First detection of Leptospira santarosai in the reproductive track of a boar: A potential threat to swine production and public health

Eduardo A. Diaz, Ligia Luna, Ana Burgos-Mayorga, Gustavo Donoso, Diego A. Guzman, María Ines Baquero, Talima Pearson, Veronica Alexandra Barragan

Producción científica: Contribución a una revistaArtículorevisión exhaustiva

3 Citas (Scopus)

Resumen

Background Leptospirosis causes significant economic losses and is an occupational risk in the swine industry, especially in developing tropical regions where social and geoclimatic conditions are favorable for the transmission of this disease. Although vaccination can reduce infection risk, efficacy is diminished if local genetic and antigenic variants of the pathogen are not accounted for in the vaccine. Identifying and characterizing strains hosts, and potential mechanisms of transmission is therefore critical for public health mitigation practices. Methodology/Principal findings Our study was conducted on a rural breeding farm in Ecuador, where we used a PCR assay that targets lipL32 to detect Leptospira spp. and targeted gene sequencing to identify Leptospira santarosai in the kidneys, testicles, and ejaculate of a vaccinated boar. MAT results showed low titers against serovars found in the vaccine, but the MAT panel did not include serovars of L. santarosai. The boar showed no symptoms of leptospirosis but did show blood in the semen. However, no postmortem histopathological lesions were observed tissue samples. Vaccinated sows that were artificially inseminated with the semen from this boar had reproductive problems, suggesting that transmission had occurred. This is the first documented case of Leptospira santarosai in the reproductive tract of a boar. Conclusions/Significance As L. santarosai is pathogenic in other livestock species and humans, our finding highlights the need to evaluate the prevalence and epidemiological significance of this pathogen in livestock and consider the possibility of venereal transmission. In addition, further studies are needed to identify and characterize local serovars that may impact diagnosis and vaccination programs to better control leptospirosis in livestock and spillover into the human population.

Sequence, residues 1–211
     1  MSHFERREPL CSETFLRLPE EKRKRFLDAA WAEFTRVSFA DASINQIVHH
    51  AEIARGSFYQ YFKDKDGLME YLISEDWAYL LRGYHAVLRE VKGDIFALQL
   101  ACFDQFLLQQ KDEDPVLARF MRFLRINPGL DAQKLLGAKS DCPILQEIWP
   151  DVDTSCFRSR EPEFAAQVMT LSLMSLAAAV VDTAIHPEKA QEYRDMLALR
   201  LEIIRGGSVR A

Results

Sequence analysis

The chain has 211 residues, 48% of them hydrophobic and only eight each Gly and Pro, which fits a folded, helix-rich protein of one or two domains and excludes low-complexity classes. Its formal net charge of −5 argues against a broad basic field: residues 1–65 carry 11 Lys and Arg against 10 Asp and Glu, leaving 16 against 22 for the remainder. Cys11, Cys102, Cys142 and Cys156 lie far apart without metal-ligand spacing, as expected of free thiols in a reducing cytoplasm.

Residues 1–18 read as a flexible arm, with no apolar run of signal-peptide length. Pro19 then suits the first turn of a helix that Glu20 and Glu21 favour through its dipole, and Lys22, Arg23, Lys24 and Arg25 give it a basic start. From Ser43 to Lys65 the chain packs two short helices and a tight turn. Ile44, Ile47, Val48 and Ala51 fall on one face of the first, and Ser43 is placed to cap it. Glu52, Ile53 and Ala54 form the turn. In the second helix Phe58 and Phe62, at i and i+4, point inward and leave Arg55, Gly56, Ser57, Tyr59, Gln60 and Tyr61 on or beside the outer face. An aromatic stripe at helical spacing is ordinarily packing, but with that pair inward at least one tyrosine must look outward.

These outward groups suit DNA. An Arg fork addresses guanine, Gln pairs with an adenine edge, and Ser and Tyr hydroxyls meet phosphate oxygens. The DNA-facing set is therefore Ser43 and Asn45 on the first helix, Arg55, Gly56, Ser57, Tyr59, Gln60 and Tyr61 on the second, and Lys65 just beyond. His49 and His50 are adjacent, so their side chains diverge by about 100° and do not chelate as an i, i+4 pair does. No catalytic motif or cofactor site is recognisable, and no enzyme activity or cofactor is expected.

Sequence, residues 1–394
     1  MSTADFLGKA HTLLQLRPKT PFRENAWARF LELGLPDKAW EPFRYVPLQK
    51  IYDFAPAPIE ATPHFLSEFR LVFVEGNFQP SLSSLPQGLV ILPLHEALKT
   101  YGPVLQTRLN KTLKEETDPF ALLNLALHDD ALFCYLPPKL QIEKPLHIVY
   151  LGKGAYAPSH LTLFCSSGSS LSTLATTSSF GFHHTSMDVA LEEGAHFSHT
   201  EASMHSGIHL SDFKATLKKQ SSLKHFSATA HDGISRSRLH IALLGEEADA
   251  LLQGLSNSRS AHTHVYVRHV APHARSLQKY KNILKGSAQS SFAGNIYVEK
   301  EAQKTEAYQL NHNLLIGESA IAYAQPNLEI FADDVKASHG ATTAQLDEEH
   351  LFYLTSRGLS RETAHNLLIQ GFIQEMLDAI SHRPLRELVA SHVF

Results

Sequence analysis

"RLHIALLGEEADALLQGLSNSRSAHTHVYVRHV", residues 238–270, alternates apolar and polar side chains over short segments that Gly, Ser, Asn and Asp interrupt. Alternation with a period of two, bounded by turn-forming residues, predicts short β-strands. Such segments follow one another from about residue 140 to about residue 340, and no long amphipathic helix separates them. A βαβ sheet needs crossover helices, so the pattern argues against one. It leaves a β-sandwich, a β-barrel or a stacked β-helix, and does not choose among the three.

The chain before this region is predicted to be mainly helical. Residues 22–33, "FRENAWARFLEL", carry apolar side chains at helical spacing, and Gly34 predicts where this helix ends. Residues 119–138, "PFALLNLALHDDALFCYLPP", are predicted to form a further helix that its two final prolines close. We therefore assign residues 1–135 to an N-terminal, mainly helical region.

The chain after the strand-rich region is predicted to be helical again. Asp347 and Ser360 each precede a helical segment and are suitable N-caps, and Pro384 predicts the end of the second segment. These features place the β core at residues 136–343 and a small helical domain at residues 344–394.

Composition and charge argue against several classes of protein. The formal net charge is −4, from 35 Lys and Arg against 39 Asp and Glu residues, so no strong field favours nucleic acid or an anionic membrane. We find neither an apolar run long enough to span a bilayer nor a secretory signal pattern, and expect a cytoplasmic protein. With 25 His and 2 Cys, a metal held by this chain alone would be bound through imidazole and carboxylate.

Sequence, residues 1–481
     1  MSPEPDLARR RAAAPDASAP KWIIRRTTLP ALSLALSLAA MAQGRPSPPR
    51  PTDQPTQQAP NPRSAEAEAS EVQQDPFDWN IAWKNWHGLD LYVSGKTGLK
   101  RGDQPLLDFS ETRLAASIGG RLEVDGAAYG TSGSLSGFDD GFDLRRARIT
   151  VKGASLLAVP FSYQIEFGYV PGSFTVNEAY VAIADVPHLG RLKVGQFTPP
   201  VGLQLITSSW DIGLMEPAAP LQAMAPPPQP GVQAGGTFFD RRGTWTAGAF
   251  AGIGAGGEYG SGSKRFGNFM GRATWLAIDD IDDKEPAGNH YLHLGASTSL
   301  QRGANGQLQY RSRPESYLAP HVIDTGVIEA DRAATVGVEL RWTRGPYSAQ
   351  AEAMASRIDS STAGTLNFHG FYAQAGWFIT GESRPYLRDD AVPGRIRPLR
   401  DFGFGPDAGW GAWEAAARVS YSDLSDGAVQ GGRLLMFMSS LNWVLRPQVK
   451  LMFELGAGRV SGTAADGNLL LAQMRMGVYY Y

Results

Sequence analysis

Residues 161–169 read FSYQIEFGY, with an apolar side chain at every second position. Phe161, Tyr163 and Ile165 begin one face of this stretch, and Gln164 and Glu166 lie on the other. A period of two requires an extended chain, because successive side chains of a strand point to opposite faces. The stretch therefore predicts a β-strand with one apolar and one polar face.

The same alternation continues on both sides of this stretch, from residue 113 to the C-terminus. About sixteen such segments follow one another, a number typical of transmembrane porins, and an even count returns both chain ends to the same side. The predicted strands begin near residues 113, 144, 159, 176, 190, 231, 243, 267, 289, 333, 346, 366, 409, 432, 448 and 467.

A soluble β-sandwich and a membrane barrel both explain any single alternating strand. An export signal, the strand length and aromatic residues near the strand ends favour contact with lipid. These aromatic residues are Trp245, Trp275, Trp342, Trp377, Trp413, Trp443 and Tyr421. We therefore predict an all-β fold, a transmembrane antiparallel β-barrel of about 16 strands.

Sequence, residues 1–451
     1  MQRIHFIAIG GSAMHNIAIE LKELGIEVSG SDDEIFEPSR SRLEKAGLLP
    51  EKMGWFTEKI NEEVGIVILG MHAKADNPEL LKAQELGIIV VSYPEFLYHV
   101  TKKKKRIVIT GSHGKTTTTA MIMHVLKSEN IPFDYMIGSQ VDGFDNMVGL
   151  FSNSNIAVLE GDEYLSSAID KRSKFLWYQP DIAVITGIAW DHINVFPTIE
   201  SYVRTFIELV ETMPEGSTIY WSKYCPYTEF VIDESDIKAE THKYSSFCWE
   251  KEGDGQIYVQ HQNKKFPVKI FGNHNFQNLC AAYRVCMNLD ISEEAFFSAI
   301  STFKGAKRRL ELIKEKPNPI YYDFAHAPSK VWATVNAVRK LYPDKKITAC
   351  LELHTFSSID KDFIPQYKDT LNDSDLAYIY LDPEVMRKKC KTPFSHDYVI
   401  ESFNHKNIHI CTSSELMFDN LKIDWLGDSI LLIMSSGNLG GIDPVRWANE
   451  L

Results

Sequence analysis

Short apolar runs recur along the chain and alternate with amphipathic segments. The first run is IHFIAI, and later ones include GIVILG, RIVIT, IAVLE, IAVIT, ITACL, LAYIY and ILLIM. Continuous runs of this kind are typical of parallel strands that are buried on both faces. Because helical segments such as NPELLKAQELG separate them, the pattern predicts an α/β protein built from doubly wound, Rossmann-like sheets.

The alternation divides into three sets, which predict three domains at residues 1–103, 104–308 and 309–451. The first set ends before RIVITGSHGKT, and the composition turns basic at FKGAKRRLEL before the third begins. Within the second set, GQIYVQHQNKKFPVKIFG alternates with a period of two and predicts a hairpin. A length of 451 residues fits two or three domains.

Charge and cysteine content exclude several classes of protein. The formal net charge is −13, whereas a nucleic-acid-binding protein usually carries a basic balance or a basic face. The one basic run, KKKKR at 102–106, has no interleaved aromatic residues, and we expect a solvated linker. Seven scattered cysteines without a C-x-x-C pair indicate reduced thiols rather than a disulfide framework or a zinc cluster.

Idioma originalInglés
Número de artículoe0274362
PublicaciónPLoS ONE
Volumen17
N.º9 September
DOI
EstadoPublicada - sep. 2022

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